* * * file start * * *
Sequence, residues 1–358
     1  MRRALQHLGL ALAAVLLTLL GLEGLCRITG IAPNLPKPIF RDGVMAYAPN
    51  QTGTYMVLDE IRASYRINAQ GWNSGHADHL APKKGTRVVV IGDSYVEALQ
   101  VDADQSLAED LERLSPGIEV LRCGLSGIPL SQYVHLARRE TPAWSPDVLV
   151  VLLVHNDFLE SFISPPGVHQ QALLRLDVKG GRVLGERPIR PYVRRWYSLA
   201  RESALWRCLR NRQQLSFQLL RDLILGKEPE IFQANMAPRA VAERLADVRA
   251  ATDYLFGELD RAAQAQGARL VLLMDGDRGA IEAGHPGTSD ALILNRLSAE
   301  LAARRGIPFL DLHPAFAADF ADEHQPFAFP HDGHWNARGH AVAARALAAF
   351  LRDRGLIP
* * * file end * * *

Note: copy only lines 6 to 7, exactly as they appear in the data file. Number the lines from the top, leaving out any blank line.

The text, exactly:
   201  RESALWRCLR NRQQLSFQLL RDLILGKEPE IFQANMAPRA VAERLADVRA
   251  ATDYLFGELD RAAQAQGARL VLLMDGDRGA IEAGHPGTSD ALILNRLSAE